Berlin Sculpture Gallery

Berlin Sculptor Michael Weiss

The Berlin sculptor Michael Weiss works in a very different way to the painter, who is spontaneous, impressionistic, impulsive, abstract. Rather each sculpted figure is the result of long sittings by the model who may be standing, lying or seated. The naked human form is reproduced - the male figure, the pregnant woman - as too the person lying in swimming costume. The sculpture, whether in Brennton or modelling clay or produced from a subsequent mould, is built up by applying layers - each layer shaped, smoothed, neatened before the next application. The process is a constant to and fro of the eye from the model to the sculpture, looking close up at detail as well as from a distance to get an oversight to see where improvements and corrections can be made.

The resulting sculpture takes on a life of its own and the model is no longer required. Unconsciously, imperceptibly, the sculpture insidiously frees itself from the model to start its own life, create its own style and to stand alone. The object is not to create an exact copy but a sculpture which is coherent. Every curve, every edge must be right. No human model is perfect but the representation of him can be. It must invite the observer to relate to it, to want to look round it. This can only happen when the contours are right and the shape leads him on and encourages him to look at it from all angles. The sculpture has a life outside itself which is sometimes because the material itself has lead independently to changes.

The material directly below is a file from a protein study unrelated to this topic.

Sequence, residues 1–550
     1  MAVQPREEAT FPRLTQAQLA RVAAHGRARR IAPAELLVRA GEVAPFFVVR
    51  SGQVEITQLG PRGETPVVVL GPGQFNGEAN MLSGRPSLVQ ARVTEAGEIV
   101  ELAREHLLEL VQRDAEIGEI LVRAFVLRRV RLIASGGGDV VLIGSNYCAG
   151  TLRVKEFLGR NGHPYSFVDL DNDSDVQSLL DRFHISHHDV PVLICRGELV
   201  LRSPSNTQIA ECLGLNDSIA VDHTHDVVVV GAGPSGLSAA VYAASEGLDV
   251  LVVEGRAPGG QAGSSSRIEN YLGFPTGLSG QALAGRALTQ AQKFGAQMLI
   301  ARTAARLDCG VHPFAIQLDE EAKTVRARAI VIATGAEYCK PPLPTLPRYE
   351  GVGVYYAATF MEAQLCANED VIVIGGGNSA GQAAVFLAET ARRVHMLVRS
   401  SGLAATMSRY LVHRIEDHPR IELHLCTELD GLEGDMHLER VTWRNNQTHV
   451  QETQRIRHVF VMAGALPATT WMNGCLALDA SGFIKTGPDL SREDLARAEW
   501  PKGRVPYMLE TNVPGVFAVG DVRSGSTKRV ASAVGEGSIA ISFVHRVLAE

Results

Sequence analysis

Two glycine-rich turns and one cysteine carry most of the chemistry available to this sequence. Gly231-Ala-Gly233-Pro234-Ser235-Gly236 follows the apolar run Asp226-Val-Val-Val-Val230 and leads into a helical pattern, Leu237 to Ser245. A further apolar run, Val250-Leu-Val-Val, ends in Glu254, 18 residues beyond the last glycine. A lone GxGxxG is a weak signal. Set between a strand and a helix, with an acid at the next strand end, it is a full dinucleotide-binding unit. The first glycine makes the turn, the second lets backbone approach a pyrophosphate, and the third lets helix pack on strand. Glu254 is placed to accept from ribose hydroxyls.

The sculptures from Michael Weiss are distinctive with a limited edition of at most 3-5 copies impose themselves even when at most 3-5 figures are displayed together. Their facial expressions suit their mood; they now wear some light articles of clothing, which are portrayed through colour. The works are not colourful, however, and are restricted to Mango tones, sometimes patinated.

The recent series of works are not of people but feature abstract landscapes. These are narrow sculptures, or, more accurately, two-sided reliefs, where the back and front merge - in the end the observer cannot say which is the front and which the back. Each person will interpret for himself the forms of the mountains and valleys, the fields and the meadows, the hills and the lowlands, will find his own favourite place or will liken the landscape to the contours of the body.

Michael's work as an artist and sculptor are quite distinct. The paintings do not originate from the sculptures and the sculptures not from the paintings. Every medium affords him a new approach figurative-abstract, hints of colour, reductive, expressive, reflective. What starts as a deliberate process with the help of sketches and with a model, develops into a sculpture that has a life of its own that demands to become an autonomous work of art.

Text:  Arnold Müller, Berlin 2012


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